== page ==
The Crows knew it wasn't an ordinary day, just as they know all things to do with time (though few would ever say it).
There was a breath on the air that morning, as though time itself was rolling, stretching, and yawning awake. That was, of course, an illusion. Time was ever-present and ever-changing, Lear mused, it never slept. The wind jostled his feathers insistently and brushed along the remaining palace gables, whistling through the vacant halls of the servants. Spears of light scattered across the canopy with individual lances piercing through, warping on the cobbled paths below. The branches were nearly bare in anticipation of winter.
From his perch, Lear surveyed the ruins, his mind folding the centuries back together, raising the walls to their former glory, resurrecting the dead. It helped calm him, though the habit itself was inherently nostalgic. Doubt was inevitable - but even going against centuries of carefully schooled control, he struggled to admit his lack of power. He'd spent years following the same routines, observing, recording, orchestrating a response to the threat he'd seen assemble a hundred times over. Now was his reply.
He readjusted the grip of his beak on the material, then took flight, a silent phantom amongst skeletal branches. He had committed every moment to memory, every movement choreographed.
His people were dwindling. If they refused to save themselves, he would do it for them.
Soon, the site would open to the public. Then, the first groups would arrive. Lear wouldn't have long until that happened - his opening was narrowing. Promptly, he released the four corners of the fabric and laid out the contents. Collecting one coin from each ruler, Viking to the present day, they were the only things he'd ever brought across the rift, his only violations of conduct - until now.
Lear selected his chosen artefact - a medieval silver penny. Though battered by years, the face of King William stared resolutely out from the tarnished metal. Wrapping the others up in the cloth, Lear began to feel the brevity of the situation weighing on him. It was as close to giddy as he was ever going to admit feeling. He deposited them atop the tower wall, far from human eyes and concealed by the fabric. He'd had issues with magpies before.
There was a blanket of fog across the grass, and a boy, Jamie Keyes to be precise, disturbed it as he toured his way around the edges of the ancient courtyard. Lear alighted on the tower and examined his target. Small, young, hopeful. His imperfections shone out of him like flares. The boy's past and future flickered in and out of focus from his present. The crow cocked his head, the boy sniffled quietly and glanced behind him as he balanced along a crumbling wall. A middle-aged couple were bickering by the entrance while a determined staff member encouraged them to step out of line. Jamie rubbed his eyes dry of tears and skipped off the wall, away from his parents, heading to the old chapel. He didn't notice the soft shadow of feathers and flesh sailing along above him.
The glass of the old window was long gone. Lear remembered the day of its removal well; His peers had refused to intervene even then. He wondered whether they'd forgotten their oaths, or had just endured for too long to care.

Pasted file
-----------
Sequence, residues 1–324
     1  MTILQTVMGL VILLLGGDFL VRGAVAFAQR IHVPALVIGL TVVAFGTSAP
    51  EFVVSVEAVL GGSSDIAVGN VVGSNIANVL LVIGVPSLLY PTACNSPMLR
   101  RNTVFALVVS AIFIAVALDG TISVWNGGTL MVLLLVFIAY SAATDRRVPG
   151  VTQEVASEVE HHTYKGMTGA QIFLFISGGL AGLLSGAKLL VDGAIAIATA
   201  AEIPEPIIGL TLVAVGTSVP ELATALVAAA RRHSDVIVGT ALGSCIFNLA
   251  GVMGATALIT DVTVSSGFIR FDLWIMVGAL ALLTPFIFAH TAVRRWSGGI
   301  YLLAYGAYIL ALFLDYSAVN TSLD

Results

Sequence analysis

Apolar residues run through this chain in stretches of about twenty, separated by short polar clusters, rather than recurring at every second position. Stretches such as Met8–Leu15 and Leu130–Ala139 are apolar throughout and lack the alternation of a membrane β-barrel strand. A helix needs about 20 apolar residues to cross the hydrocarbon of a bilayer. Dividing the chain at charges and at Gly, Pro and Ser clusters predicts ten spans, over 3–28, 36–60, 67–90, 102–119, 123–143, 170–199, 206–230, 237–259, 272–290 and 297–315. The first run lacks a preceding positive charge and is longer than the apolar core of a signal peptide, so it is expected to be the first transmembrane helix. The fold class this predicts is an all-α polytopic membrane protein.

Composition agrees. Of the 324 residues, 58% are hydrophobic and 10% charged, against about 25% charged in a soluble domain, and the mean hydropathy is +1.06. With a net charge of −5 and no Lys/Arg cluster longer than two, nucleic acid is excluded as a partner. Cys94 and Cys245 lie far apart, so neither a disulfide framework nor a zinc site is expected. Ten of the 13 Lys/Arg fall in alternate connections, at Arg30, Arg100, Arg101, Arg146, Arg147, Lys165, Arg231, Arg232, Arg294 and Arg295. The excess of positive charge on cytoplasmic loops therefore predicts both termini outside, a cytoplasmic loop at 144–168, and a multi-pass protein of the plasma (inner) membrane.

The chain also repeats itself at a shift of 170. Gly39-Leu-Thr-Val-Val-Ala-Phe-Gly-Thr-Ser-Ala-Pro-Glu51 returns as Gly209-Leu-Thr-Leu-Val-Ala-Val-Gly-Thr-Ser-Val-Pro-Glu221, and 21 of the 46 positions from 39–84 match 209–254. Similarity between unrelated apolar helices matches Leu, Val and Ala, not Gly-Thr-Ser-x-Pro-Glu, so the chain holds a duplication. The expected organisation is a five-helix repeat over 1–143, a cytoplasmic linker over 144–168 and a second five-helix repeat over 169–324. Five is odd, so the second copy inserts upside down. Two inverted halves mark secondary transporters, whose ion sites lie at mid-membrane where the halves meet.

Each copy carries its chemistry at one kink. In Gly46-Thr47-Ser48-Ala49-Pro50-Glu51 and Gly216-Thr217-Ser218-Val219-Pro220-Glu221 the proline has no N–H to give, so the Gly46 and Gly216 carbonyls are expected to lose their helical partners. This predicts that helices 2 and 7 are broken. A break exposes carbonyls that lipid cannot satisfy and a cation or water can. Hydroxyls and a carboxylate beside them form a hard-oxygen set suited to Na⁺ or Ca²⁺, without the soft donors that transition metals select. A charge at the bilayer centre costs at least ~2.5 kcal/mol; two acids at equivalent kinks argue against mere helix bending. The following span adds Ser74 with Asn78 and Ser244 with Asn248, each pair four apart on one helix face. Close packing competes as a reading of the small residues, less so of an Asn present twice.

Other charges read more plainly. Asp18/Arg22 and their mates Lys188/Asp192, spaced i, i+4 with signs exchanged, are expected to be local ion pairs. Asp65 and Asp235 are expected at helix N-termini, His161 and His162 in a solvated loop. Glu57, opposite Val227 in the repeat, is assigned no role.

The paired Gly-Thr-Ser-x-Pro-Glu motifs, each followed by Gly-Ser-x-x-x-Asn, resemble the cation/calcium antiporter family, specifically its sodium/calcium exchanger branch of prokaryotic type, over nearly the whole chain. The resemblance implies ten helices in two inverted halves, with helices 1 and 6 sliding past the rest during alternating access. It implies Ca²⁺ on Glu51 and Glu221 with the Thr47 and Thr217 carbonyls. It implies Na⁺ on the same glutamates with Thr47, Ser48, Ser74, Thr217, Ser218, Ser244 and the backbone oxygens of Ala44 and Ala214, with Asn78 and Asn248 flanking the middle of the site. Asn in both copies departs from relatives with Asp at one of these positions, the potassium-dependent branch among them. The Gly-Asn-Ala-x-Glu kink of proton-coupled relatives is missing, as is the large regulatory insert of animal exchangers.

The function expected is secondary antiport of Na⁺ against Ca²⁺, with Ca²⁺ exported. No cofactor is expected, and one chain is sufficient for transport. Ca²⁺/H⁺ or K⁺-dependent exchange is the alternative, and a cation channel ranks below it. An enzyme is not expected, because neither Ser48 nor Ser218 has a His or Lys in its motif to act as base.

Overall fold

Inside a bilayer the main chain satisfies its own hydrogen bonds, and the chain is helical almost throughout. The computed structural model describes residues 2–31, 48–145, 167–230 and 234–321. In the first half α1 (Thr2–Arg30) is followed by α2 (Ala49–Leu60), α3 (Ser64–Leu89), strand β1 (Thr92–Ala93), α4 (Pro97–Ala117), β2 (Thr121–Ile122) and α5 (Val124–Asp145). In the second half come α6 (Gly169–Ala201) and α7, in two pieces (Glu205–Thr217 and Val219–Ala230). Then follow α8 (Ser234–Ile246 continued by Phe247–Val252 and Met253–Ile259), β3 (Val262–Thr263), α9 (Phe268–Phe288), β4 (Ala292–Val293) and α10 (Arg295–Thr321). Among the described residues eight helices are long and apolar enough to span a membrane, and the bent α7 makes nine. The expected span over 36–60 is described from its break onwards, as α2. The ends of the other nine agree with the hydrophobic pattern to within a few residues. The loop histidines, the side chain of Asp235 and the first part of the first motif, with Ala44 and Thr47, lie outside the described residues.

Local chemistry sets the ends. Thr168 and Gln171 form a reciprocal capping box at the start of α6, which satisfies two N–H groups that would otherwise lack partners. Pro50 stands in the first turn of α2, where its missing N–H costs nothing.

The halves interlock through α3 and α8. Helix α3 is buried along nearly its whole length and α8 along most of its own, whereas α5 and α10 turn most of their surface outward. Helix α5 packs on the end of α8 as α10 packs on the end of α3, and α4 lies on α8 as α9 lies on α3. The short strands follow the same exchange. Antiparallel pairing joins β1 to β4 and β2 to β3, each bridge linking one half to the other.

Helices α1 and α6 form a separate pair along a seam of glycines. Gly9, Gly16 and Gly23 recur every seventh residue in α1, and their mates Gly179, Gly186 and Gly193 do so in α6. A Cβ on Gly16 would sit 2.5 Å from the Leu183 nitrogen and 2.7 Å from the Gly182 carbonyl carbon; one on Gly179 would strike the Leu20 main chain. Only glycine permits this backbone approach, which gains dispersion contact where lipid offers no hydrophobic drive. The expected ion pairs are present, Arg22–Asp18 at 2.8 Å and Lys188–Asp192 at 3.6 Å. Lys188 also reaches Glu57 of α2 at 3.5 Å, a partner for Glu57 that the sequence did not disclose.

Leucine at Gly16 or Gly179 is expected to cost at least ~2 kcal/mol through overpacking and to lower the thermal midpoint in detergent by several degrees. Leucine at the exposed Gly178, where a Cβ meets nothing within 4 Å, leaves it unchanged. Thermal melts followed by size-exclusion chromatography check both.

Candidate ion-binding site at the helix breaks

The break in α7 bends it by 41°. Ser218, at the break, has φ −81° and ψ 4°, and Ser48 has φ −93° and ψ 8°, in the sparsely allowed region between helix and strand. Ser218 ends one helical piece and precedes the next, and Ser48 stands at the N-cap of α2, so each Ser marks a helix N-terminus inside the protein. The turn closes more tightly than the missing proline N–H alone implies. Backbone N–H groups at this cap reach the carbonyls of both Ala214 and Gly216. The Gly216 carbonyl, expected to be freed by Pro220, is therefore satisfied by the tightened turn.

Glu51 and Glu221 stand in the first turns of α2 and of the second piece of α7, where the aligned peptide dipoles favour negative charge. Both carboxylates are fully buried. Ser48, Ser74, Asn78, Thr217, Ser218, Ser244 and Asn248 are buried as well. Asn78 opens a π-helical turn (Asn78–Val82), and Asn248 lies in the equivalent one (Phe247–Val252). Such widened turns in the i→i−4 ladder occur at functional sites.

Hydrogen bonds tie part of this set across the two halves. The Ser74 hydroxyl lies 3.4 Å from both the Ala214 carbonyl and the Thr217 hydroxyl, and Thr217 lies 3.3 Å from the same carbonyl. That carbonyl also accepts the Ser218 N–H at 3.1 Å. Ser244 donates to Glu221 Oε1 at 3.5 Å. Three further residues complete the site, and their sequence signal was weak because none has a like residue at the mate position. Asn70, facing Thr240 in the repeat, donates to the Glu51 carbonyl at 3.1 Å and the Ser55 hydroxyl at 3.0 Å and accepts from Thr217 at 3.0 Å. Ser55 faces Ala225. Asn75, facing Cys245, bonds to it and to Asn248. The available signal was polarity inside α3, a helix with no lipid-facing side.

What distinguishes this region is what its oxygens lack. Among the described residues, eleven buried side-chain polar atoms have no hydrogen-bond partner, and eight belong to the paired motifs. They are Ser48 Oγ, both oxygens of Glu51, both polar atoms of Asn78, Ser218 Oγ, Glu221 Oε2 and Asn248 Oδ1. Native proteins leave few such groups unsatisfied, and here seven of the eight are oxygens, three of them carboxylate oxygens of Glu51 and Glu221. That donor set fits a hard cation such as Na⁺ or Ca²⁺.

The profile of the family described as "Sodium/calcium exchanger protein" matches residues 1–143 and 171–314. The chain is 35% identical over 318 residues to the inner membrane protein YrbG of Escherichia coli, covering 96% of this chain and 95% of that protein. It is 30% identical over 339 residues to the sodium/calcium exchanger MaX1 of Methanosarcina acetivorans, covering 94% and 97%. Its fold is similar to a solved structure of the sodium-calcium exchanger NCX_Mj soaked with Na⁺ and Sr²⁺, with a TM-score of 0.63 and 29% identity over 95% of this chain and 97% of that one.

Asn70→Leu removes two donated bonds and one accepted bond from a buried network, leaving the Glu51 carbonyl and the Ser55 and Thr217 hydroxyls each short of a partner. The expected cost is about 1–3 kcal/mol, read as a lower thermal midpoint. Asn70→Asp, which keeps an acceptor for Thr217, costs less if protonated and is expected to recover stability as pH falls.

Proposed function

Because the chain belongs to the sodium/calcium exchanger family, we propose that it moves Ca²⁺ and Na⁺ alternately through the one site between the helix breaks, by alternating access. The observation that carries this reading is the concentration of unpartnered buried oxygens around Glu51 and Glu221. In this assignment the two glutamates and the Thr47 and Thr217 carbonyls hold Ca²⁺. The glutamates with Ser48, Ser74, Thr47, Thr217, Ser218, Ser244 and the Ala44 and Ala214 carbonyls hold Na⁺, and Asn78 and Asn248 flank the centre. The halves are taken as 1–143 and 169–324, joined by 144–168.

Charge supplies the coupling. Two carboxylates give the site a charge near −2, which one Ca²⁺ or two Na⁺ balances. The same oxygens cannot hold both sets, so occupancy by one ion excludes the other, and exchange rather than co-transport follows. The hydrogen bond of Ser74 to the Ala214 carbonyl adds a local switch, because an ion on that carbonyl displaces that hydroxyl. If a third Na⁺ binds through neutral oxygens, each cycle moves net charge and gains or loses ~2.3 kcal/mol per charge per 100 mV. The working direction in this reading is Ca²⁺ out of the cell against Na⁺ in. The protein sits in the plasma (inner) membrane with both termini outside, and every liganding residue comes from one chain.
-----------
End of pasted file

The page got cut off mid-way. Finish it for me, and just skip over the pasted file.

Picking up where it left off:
Balancing on the ancient stonework where the glass once resided, the crow watched the boy wander about the open-air chamber for a minute longer.
Then, as the boy stepped into the blossom of sunlight created by the window Lear sat in, he shifted to the side. Now blinded by the rising sun, Jamie shielded his eyes from the light and searched for the cause. He spotted Lear immediately but, as expected, didn't try to frighten him off. The pair regarded each other in the wan light of winter daybreak with interest, with all the focus one gives to a welcome distraction. Jamie stared at the bird and the peculiarly reflective item in its beak and was predictably fascinated.
He spoke. "Hello?"
Lear let the coin fall from his beak.
Jamie stared as the metal tumbled onto the stone floor, curiosity bridling. He walked over to pick it up. A ghostly voice whispered around the idle remains of the palace, hindering Jamie's motion.
"Help us, Jamie. Leave this world behind and help us restore balance."
The hair on the boy's neck raised, he glanced around. Too young to question the presence of disembodied voices.
"Balance to what?" He sniffled again, having completely stopped crying a moment ago.
"Someone crippled by greed seized power and tore down our golden halls for profit. Help us." The voice lamented.
"What can I do?" Jamie murmured.
The reply was barely audible, "Help us."
His fist closed around the coin, meeting its icy surface and the narrative of the past struck the present. The force with which they collided was entirely abstract but still sent Lear toppling from his position in the window.
When he righted himself and landed back on the ground, smoothing his feathers back down, he felt a renewed sense of purpose. Jamie was in the process of picking himself up from the floor when Lear flew over, collecting the discarded coin. The boy stumbled back and gawked at the crow. His attention wavered as he began to look around. What had been ruins was now a fully furnished chapel. Candles and pictures lined the walls, sunlight streaming in, illuminating the altar. People bustled about outside. The air smelled distinctly of summer, and the greenery outdoors confirmed it.
Lear hopped toward the boy who, understandably, was in shock. But there wasn't time for charity.
"Hello, Jamie. I'm delighted to meet you. I have a favour to ask of you if you'll only give me a moment to explain."
Steadily, the boy nodded.